27 May 2018
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  The Clinic of Occupational Therapy
 What do Occupational Therapists?

Occupational Therapy (OT) helps people to live more productive and enjoyable. It is a way of helping individuals to do desired activities and become more independent.
Occupational therapy is a profession concerned with promoting health and well being through occupation. The primary goal of occupational therapy is to enable handicapped people of all ages to participate in the activities of everyday life.
Occupational therapists achieve this outcome by enabling people to do things that will enhance their ability to participate in daily activities or by modifying the environment to better support the participation.
Occupational therapists have a broad education that equips them with skills and knowledge to work collaboratively with individuals or groups of people who have an impairment of body structure or function due to a health condition, and who experience barriers to participation.
Occupational therapy provides skills for the job of living. It increases body awareness, improves attention, and develops hand functions for success during play activities, school tasks, and daily living. Through occupational therapy, children develop their sense of self as they interact with family, friends, and others to learn and play. Occupational therapy can promote self-confidence and independence through the development of the fallowing skills:
Attention skills
Sensory processing skills
Organizational skills
Hand dexterity / fine motor skills
Visual - spatial skills
Motor planning
Age appropriate skills of daily living
Visual - motor skills
Occupational therapists work in a vast array of settings, as fallow:


• Orthopedics (in and outpatient clinics- rheumatology, amputee)
• Long-term care
• Hand therapy (fine motor , tendon injures)
• Cardiac rehabilitation
• Burn centres
• Rehabilitation centers (Stroke (CVA), spinal cord injuries, etc.)
• General hospitals (ranging from inpatient, sub acute rehabilitation, to outpatient clinics)
• Pediatrics (Children’s hospital: neurodevelopmental issues, neonatal intensive care ).


There is a current shift within the profession towards community based practice. Essentially this vision encourages practitioners to expand into previously uncharted territory. Thus, they move away from hospitals and rehabilitation clinics and begin working with atypical populations such as the homeless or at risk populations. This change in vision is meant to expand the capabilities and impact of the profession. As the fundamental ideologies of occupational therapy are promoting independence, the profession is beginning to realize that there are many populations that would benefit from occupational therapy services. Occupational Therapists can continue the rehabilitation process in client’s homes and other places; they can assist clients with returning to previous life roles and activities.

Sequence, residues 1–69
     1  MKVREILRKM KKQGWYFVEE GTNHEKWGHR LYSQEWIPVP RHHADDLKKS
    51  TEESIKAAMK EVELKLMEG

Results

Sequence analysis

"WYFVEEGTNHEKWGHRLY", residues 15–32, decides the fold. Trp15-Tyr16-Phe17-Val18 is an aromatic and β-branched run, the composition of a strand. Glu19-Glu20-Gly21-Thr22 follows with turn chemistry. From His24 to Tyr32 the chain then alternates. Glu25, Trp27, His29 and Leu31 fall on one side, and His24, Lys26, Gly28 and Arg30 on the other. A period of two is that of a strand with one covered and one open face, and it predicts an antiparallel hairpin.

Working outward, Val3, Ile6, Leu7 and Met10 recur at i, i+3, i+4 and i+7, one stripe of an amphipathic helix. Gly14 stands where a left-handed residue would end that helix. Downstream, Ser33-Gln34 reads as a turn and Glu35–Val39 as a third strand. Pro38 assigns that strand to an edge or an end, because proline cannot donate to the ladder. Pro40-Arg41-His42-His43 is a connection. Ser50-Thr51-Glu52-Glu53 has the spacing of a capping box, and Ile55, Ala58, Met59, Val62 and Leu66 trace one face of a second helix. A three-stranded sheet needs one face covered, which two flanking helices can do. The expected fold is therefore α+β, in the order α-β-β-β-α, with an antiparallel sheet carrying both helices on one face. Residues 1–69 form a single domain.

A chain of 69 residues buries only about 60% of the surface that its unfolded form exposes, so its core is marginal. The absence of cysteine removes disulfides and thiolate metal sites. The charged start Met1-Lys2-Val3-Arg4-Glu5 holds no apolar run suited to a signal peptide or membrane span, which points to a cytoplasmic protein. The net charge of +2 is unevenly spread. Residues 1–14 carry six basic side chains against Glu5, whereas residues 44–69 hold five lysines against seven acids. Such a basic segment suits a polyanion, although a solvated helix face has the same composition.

Examples of community-based practice settings:
Health promotion and lifestyle change
Intermediate care
Day centers(psychotic and mood disorders)
Schools (Attention Deficit Hyperactivity Disorder, Autism, etc)
Implementing gradual return to work programs which include workplace and work station assessments
Homeless shelters
Refugee camps
Industrial therapy (work hardening, work conditioning, job demand analysis)

Stroke rehabilitation (CVA)
Traumatic brain injury
Multiple sclerosis
Parkinson disease
Spinal cord injury
Mental Health
Child and adolescent mental health services (CAMHS)
Refugee psychiatry
Mental health clinics
Psychiatric rehabilitation programs (adaptive skills for psychoses patients)
Child especial training schools and centers (mental retarded child, Down syndrome)
Early intervention for psychosis services
Child development centers (pervasive developmental disorders)


There are two sections for OCCUPATIONAL THERAPY practices in this faculty that their clients are separated by the given treatments.
In section one, sensory integrating techniques, coordination exercises and different techniques for improving of physical abilities of children and adults are used.

Section two, is a suitable room with required instruments for special training of child and adult in activity daily livings and initial concepts. In this part, the clients learn how to use their limited abilities in daily activities and improve the communications.
OCCUPATIONAL THERAPY department goals are:

1-Improving knowledge of health and disability.
2-Improving client’s quality of life.
3-Suitable area for occupational therapy practitioner and students training.
4-Providing of reference clinics for occupational therapy researches.
5-Improving quality of therapeutic services in related occupational therapy of Tabriz Universities